There is good reason that Googling the phrase "Data science is a team sport" brings up so many entries. The skills that are required of a data scientist are so varied that it would be practically impossible to find them in a single person.
And even if you could find somebody that embodies all those qualities, you will likely have to pay top dollar for them. But let's assume that you are not in a large market like North America, and your search grows even more impossible. That was the challenge faced by Vodafone NZ (New Zealand) when analytics and data strategy manager David Bloch had to build a data science team. He presented his saga before the Teradata Partners conference this week.
In a country of less than 5 million people, it shouldn't be surprising that the national telecom provider would likely be the one with the largest Hadoop cluster and most ambitious big data analytics program in town. According to Bloch, the traditional HR approach for finding specialists with years of experience just wouldn't work when you're in a small market. "They would probably filter out the people you want to talk to," Bloch said.
Instead, he called for adopting a startup mentality, combing events like meetups and hackathons for people whose interest and enthusiasm outweighed their actual experience. In place of traditional interviews, a more informal process was the best way to find these people. Bloch had a good idea of what he was talking about given his experience with several data-related startups prior to joining Vodafone.
Bloch defined a series of roles for populating his data science team, encompassing engineers, hackers, analyst, statistician, story teller, and change agent. The roles were not necessarily mapped to individual positions; for instance, the analyst and change agent, or the hacker and engineer, could be the same person.
More specifically, the engineer is the team's "automation magician." As someone who comes with a DBA or ETL background, this is the person who works with the hacker to build data flows, and ensures that technically, the trains run on time. On many teams, this would be called the data engineer. The hacker is the R or Python developer who builds the rough model, even if he or she does not necessarily understand the science behind the model. The latter is the job of the statistician, the deep thinker who owns the scientific method for identifying and validating models. This is probably the person most likely to have "data scientist" on his or her business card.
Then you need someone who is the subject matter expert and data explorer: that is the analyst, who performs as "the Indiana Jones' of the team. This is the person who is comfortable writing SQL and would most closely resemble the business analyst. Finally, there is the story teller, who has the creative streak (and probably a talent for working with visualization tools like Tableau), and the change agent. The person holding the change agent role acts as the influencer who builds the business cases, liaises with executives, and ensures that the models connect and impact business processes. According to Bloch, the change agent is the role that many data science teams often overlook.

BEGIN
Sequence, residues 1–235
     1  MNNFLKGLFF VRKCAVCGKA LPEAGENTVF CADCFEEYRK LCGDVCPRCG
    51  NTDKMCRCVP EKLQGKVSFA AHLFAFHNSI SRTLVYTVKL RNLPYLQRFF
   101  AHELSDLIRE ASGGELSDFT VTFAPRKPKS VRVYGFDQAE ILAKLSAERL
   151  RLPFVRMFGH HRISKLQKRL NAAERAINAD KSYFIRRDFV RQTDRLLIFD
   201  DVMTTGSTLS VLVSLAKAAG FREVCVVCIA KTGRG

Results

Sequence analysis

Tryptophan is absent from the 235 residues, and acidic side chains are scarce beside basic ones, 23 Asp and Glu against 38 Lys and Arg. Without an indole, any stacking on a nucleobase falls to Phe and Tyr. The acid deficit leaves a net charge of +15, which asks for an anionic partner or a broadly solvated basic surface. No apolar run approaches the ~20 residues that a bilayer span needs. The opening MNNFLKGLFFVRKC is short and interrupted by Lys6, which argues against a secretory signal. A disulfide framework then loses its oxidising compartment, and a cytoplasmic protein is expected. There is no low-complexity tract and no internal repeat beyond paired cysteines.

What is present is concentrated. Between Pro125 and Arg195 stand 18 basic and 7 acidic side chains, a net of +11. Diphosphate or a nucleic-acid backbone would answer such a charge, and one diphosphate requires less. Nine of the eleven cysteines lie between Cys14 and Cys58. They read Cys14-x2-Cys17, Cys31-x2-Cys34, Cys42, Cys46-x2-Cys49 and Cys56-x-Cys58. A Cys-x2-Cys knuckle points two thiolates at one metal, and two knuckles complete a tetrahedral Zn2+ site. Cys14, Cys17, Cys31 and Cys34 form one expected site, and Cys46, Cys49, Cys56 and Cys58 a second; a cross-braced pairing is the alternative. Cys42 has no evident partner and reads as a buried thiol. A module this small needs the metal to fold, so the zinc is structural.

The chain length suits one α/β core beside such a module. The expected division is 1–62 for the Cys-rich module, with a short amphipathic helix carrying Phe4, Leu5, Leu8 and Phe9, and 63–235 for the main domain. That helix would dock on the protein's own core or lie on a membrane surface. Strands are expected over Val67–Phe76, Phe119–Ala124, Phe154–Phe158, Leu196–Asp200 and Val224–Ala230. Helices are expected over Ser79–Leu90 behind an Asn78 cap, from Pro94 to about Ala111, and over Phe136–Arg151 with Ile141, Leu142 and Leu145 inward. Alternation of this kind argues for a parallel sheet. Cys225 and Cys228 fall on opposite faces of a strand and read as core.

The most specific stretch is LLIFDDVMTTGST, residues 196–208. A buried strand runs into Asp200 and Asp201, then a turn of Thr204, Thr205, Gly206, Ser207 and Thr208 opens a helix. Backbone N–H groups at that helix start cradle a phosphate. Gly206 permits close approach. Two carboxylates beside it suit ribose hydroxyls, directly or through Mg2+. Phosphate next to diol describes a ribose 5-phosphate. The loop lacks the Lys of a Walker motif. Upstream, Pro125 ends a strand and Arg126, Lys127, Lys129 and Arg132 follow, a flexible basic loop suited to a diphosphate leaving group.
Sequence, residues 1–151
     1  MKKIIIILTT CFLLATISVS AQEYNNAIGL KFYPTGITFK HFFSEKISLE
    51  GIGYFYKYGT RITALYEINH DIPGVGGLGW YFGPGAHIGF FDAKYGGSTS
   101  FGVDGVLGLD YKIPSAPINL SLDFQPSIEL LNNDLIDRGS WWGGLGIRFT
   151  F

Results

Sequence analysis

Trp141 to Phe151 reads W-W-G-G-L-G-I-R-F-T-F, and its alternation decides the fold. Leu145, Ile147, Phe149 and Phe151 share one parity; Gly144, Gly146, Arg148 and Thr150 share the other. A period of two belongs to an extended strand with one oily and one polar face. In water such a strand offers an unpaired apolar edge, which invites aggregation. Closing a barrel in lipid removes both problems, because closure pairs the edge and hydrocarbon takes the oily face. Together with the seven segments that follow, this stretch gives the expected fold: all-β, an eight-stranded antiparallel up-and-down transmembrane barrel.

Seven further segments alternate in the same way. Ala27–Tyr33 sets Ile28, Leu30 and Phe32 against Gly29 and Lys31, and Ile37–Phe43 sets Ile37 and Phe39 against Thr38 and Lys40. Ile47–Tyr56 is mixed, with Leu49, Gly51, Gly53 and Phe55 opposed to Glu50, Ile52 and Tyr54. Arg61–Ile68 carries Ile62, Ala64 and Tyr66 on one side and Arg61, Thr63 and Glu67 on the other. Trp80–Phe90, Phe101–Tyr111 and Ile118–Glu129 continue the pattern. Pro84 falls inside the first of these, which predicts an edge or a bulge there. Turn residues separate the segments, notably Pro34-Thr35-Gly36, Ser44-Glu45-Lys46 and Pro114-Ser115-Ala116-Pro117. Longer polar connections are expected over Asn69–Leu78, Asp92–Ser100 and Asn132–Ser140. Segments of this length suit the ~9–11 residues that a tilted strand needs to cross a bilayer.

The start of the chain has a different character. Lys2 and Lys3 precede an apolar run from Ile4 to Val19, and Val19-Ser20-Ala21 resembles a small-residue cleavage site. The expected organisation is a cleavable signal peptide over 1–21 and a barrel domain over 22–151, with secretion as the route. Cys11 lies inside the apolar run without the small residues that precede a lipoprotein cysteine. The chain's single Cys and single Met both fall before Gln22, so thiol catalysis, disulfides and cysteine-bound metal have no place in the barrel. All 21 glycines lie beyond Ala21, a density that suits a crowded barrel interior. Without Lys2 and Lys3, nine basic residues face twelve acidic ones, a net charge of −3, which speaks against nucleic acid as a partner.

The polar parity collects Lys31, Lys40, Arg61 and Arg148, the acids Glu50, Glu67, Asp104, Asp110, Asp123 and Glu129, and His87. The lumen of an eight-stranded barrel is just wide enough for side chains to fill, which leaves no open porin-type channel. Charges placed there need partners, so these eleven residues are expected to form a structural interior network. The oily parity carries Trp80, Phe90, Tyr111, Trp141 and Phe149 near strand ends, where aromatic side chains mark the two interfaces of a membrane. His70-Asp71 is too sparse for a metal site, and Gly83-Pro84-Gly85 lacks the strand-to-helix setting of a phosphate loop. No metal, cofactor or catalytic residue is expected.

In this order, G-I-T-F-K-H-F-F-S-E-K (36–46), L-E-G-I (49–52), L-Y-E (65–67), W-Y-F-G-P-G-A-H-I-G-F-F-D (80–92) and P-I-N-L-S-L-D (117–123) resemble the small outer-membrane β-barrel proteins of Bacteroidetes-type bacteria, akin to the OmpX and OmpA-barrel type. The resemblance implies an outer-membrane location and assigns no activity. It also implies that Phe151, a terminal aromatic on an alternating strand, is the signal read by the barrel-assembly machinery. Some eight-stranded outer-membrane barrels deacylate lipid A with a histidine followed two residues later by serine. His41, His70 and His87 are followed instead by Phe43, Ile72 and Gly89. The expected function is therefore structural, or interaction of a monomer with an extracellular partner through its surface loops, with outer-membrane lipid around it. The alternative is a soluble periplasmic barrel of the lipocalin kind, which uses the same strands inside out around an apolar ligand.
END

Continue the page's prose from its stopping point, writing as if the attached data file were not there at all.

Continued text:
Making it all work requires consistent process that, at different stages, involves different members of the team. First, the business challenge must be identified, a task involving the change agent and analyst. Then comes exploration and ideation, where the strategy for getting the insight is formed; that is where the analyst and hacker put their heads together. That is followed by prospecting for data, where the engineer, analyst, and statistician get involved. Now it's time to test and develop the model itself, where the statistician, analyst, and change agent collaborate. The home stretch comes with telling the story, involving (not surprisingly) the story teller and analyst, followed by making the results actionable. Here, the change agent and hacker collaborate to ensure that the results of the model actually get absorbed, and hopefully change the business.
While the team has multiple roles, you don't want it to grow too large. From his startup days, he's found that a dozen people becomes the practical upper limit, beyond which collaboration efforts get unwieldy. But in a pinch, he's seen this model work with as few as two or three people. Taking a Moneyball-like approach, don't get hung up by paper qualifications; aptitudes and enthusiasm go much farther in a labor market where you may have to improvise.